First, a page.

A World Gone Mad
With markets in disarray and the financial future of the civilized world at stake, it is natural to ask for the reason – to ask why it is happening. Perhaps it would be better to inquire into the madness of it all. For madness seems to be a major factor in modern life. Nobody really understands the global economy, yet policies are made on the basis of assumed understandings. Is this not madness? Going beyond what each of us knows from direct personal experience, relying on a false kind of thinking, men can and do behave as lunatics. One only has to consider the assertions of the Flat Earth Society, or the U.S. Federal Reserve’s attempt to calm market jitters by suggesting another round of quantitative easing
There is a principle at work in the world, which may be stated as follows: Everyone believes something that someone else thinks is madness. When we observe a situation at firsthand we reason well, and generally know what we are talking about. When we judge things at a distance, without direct knowledge, we are liable to gross error. And when we cling to error, we prove ourselves to be madmen. The market is difficult to judge because the individual can directly know only a small part of it. Therefore confidence in the market, as well as panic, is based on shared impressions which constantly shift. These impressions may be based on the combined direct knowledge of thousands of people, or upon a contagious fear.
Ideas are often accepted even though direct experience suggests they are nonsense. Take for example the statement that “all men are created equal.” Direct experience suggests that men are not created equal: differences in strength, intellect, character and skill are notable between man and man. It is well known that the market system rewards economic actors unequally (which signifies, in egalitarian thinking, an argument against market capitalism). In the practical business of life, we are constantly evaluating others as they evaluate us. Some inequality is due to environmental factors, of course, but much is due to heredity (from birth). The ancient Greeks suggested that character is formed at birth. Modern genetic science seems ready to affirm the same proposition. Therefore, it is unlikely that men are literally created equal. Men are only “created equal” in a metaphysical sense, in terms of their natural rights (which would be the true sense of the intended meaning of the Declaration of Independence). Yet most people who talk about “equality” today do not believe in metaphysics or natural rights. Instead, they believe in redistributive justice, they believe in a progressive income tax and a welfare state. They believe that property rights are not absolute; that property should be taken from some people and given to others (by the state). This is their sense of “all men are created equal.”
In terms of practical life and direct experience, who actually treats everyone with equal regard? What lunatic would give away a large percentage of his income so that a stranger would have an equal income? Other than the criterion of need, how else could redistribution proceed? On what principle shall we rob from Peter to pay Paul? A few weeks ago I found a sign in the bushes: “NEED MONEY FOR FOOD. PLEASE HELP.” Next to the discarded sign I found an empty vodka bottle. Imagine if the sign had read: “NEED MONEY FOR VODKA. PLEASE HELP.” Would anyone have given the money?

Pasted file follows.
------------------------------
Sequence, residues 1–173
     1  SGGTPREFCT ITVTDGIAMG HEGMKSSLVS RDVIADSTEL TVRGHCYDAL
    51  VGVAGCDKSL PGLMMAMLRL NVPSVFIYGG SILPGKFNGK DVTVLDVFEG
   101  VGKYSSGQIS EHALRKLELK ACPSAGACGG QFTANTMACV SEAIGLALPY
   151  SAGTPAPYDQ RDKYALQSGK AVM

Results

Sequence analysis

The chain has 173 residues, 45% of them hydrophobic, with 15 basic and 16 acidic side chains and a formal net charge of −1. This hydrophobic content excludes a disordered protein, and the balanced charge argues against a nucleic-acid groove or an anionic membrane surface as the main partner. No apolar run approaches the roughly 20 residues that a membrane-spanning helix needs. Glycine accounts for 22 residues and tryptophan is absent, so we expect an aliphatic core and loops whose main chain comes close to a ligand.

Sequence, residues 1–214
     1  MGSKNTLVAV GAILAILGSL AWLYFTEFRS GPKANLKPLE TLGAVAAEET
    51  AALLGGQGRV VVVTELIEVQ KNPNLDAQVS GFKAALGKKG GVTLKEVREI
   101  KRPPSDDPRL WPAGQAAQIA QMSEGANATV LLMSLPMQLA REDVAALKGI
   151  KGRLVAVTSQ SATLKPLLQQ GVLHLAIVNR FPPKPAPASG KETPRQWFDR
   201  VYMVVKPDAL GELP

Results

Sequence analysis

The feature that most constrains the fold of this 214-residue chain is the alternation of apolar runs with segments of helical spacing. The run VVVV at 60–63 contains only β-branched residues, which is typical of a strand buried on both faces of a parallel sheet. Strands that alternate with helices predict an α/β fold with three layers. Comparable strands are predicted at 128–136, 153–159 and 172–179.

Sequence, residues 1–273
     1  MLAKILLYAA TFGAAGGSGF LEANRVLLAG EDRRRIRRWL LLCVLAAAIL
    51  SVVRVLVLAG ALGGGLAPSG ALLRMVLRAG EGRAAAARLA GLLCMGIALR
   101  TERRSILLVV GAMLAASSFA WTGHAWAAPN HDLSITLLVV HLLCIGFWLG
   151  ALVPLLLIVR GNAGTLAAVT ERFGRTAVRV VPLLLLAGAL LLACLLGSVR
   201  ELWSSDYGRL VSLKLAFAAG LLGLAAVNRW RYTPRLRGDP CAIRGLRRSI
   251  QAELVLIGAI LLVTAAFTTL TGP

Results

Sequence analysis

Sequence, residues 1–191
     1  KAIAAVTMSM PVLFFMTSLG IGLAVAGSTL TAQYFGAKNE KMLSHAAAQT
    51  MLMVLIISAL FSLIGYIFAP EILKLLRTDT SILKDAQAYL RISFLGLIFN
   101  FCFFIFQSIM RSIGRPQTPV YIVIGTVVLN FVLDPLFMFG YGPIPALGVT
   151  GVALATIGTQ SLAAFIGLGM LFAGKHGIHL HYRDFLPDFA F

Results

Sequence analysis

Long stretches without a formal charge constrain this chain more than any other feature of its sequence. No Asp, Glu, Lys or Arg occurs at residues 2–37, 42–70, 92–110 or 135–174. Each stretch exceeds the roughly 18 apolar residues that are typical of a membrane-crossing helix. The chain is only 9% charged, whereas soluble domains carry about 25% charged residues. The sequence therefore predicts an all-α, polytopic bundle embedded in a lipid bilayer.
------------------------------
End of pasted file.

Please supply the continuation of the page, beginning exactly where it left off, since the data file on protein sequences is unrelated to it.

Direct experience and direct knowledge is everything. But a government mechanism that takes money from one set of persons and gives to another cannot have any meaningful knowledge of the individuals in question, or what use they will put their money. Taking money from those who will invest wisely, and giving it to spendthrifts, is not sane policy. Here we find that a person far away, in Washington D.C., cannot be wise about the redistribution of wealth. More likely, he takes money away from those who will create more jobs.
It is the distance between man and reality that makes for insanity. And when we are talking about social reality, we are also discussing the distance between man and man. It was Carl Jung, in The Undiscovered Self, who wrote that in today’s democracies “the distance between man and man is much greater than is conducive to public welfare, let alone beneficial to our psychic needs.” The distance is also widening between the inner man and the outer man. The most toxic element of madness may be found in a kind of self-dishonesty and self-misrepresentation. The egalitarian idealism of today appears to worry about the welfare of mankind. Yet, says Jung, “respectability and apparent morality is there, cloaking in deceptive colors a very different inner world of darkness.”
In Man’s Search for Meaning, Viktor Frankl wrote, “Every age has its own collective neurosis, and every age needs its own psychotherapy to cope with it. The existential vacuum which is the mass neurosis of the present time can be described as a private and personal form of nihilism….” Being disconnected from ourselves, lacking closeness with others, and adopting erroneous theories about life, modern man is floundering, threatened with collective insanity. According to Frankl, the teaching that man is the puppet of biology and social conditioning leads to a “neurotic fatalism” which destroys all sense of responsibility. “Nothing has a more divisive and alienating effect upon society than this moral complacency and lack of responsibility,” wrote Jung. “The mass State has no intention of promoting mutual understanding and the relationship of man to man; it strives, rather, for atomization, for the psychic isolation of the individual.” In isolation from reality, we know less and less as we pretend to know more and more.
It is dehumanizing to place an equal sign between man and man. Everyone is not the same, and it is madness to say so.
About JR Nyquist
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